GOLDEN VALLEY, Minn. - With high school sports starting up across the state, a new study ranks Minnesota 47th – one of the worst – at protecting student-athletes from sudden death.
"We are very proactive and preventative, working with a nationally recognized sports medicine advisory committee," said Jody Redman, an Associate Director with the Minnesota State High School League. "And then, really working with our athletic administrators and coaches."
The study itself is born out of tragedy.
Sixteen years ago this month, Vikings Pro Bowl lineman Korey Stringer died from heat stroke. In 2010, his wife Kelci created the Korey Stringer Institute at the University of Connecticut. They say their mission is to make preparing for an emergency a top priority in schools.
"Unfortunately, many states make massive policy changes after they have a death in their particular state or have a series of tragedies. So we're trying to institute a policy of do whatever you can before they die," said Dr. Douglas Casa, who works with the Korey Stringer Institute.
So for this study, the Korey Stringer Institute analyzed how all 50 states and DC are implementing policies to prepare for four major causes of sudden death: cardiac arrest, traumatic head injuries, heat stroke, and exertional sickling.
"The first five or ten minutes really dictate if the athlete lives or dies," said Casa.
So, how did Minnesota end up 47th?
Even the Minnesota State High School League isn't quite sure, saying they actually created an emergency training program, Anyone Can Save A Life.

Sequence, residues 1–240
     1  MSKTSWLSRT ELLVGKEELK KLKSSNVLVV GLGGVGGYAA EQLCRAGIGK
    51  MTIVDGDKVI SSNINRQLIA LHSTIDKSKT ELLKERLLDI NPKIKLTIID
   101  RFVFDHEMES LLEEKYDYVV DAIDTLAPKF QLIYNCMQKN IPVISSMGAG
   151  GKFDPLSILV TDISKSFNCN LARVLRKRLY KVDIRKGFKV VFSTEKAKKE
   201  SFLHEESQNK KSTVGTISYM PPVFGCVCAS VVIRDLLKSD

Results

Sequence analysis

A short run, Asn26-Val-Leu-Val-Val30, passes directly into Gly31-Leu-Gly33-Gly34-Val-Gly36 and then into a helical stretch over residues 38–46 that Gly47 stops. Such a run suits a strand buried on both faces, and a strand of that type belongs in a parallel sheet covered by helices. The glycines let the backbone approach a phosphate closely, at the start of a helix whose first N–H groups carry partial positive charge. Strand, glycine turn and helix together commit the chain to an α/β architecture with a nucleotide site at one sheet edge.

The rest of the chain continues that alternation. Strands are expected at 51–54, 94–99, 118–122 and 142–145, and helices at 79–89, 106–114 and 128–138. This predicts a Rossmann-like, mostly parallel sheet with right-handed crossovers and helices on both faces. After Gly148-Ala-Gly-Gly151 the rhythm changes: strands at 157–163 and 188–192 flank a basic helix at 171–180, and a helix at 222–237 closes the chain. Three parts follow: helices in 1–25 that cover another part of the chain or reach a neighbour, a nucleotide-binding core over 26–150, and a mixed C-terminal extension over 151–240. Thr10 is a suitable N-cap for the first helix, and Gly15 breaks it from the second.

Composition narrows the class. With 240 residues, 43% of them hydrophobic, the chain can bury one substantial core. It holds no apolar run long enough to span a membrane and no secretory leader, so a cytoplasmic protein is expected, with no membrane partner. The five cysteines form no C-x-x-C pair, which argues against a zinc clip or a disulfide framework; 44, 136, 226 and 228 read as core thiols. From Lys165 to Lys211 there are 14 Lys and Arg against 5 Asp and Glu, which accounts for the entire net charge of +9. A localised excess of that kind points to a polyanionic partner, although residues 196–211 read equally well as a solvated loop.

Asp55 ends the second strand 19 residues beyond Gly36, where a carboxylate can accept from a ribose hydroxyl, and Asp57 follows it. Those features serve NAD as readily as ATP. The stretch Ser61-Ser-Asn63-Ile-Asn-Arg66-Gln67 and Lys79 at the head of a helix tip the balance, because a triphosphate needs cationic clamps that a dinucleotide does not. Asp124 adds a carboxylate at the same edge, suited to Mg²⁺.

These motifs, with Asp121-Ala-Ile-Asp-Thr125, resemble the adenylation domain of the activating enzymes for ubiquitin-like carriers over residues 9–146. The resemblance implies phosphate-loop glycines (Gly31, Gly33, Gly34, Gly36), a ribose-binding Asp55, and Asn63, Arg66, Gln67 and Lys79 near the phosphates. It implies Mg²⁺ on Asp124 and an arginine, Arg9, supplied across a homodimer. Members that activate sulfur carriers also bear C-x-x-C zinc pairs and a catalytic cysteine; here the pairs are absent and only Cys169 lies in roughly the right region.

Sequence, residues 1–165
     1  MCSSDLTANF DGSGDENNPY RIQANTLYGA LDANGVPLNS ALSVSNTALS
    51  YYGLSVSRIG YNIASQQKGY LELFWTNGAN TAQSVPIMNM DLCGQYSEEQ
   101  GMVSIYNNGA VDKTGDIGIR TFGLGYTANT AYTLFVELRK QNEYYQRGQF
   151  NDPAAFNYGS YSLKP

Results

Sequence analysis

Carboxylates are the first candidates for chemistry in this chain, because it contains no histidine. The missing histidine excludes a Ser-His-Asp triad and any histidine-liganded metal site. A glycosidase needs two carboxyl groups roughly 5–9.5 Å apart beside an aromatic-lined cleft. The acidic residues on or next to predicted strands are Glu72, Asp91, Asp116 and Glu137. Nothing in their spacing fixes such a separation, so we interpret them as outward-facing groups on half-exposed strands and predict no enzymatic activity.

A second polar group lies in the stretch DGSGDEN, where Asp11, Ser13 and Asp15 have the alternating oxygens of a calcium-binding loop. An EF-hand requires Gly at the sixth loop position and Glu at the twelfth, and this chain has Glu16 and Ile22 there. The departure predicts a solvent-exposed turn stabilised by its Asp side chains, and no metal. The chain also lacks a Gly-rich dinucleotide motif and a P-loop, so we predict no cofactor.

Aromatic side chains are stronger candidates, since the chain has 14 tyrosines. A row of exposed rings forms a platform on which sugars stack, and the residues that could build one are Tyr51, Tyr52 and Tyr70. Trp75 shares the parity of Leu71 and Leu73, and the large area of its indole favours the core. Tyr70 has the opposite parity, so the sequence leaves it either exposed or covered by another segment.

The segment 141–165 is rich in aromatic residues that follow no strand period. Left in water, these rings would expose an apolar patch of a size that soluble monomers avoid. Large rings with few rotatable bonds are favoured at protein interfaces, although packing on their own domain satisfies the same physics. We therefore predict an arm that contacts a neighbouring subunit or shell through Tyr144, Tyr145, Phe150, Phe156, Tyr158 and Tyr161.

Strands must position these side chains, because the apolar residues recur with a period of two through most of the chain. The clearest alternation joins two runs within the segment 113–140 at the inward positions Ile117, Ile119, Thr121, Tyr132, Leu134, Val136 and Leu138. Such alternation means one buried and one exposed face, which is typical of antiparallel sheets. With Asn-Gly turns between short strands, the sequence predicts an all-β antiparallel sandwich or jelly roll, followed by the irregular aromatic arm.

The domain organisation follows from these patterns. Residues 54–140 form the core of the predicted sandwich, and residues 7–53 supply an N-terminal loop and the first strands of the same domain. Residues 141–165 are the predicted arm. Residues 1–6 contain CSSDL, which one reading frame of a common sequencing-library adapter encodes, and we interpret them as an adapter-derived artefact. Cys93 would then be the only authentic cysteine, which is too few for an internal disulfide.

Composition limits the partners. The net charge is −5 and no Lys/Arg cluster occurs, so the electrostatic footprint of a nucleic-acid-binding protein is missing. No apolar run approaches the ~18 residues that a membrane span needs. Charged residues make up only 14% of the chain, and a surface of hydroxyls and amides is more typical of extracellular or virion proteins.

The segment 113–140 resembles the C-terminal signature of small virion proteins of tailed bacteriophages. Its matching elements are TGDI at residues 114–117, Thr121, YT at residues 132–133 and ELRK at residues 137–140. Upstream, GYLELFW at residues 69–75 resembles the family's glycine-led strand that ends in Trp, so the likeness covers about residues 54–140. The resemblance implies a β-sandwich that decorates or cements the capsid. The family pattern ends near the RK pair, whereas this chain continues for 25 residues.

"From that, we partnered with Medtronic to develop a program that would help our schools be prepared to deal with all kinds of life-threatening emergencies," said Redman.
In a statement on Wednesday, the National Federation of State High School Associations said (in part):
"Unfortunately, the Korey Stringer Institute has proclaimed itself as judge and jury of heat-illness prevention and other safety issues by ranking the 51 NFHS-member state high school associations - these very associations that have been promoting risk-minimization precautions in their schools' athletic programs for many more years than the seven-year existence of the KSI."
"While the 19,000 high schools range in size from 50 students to 5,000 there has never been a time that coaches, athletic directors and school administrators were more focused on risk minimization."
"Very simply, a review of state association websites, such as the one employed by KSI, is an incomplete measurement of the efforts employed by states to assist their member schools with heat, heart and head issues. Providing more research data, as well as funds to enact more prevention programs, would be much more useful than giving grades to these associations."